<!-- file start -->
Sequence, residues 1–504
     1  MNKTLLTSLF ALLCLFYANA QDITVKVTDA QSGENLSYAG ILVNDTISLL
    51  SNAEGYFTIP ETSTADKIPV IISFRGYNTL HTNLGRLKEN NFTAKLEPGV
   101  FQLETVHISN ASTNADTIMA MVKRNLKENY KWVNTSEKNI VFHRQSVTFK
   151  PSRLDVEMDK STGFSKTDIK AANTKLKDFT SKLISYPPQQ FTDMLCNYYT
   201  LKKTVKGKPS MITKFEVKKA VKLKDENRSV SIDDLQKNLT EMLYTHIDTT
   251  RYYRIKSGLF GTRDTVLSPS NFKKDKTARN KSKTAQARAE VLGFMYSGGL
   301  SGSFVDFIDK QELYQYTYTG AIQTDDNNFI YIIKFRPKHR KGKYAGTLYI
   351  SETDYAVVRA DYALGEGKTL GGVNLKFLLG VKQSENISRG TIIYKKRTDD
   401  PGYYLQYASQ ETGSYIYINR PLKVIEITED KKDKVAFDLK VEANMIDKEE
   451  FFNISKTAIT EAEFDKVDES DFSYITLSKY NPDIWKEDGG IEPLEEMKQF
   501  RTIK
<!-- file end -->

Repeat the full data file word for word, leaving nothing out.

Sequence, residues 1–504
     1  MNKTLLTSLF ALLCLFYANA QDITVKVTDA QSGENLSYAG ILVNDTISLL
    51  SNAEGYFTIP ETSTADKIPV IISFRGYNTL HTNLGRLKEN NFTAKLEPGV
   101  FQLETVHISN ASTNADTIMA MVKRNLKENY KWVNTSEKNI VFHRQSVTFK
   151  PSRLDVEMDK STGFSKTDIK AANTKLKDFT SKLISYPPQQ FTDMLCNYYT
   201  LKKTVKGKPS MITKFEVKKA VKLKDENRSV SIDDLQKNLT EMLYTHIDTT
   251  RYYRIKSGLF GTRDTVLSPS NFKKDKTARN KSKTAQARAE VLGFMYSGGL
   301  SGSFVDFIDK QELYQYTYTG AIQTDDNNFI YIIKFRPKHR KGKYAGTLYI
   351  SETDYAVVRA DYALGEGKTL GGVNLKFLLG VKQSENISRG TIIYKKRTDD
   401  PGYYLQYASQ ETGSYIYINR PLKVIEITED KKDKVAFDLK VEANMIDKEE
   451  FFNISKTAIT EAEFDKVDES DFSYITLSKY NPDIWKEDGG IEPLEEMKQF
   501  RTIK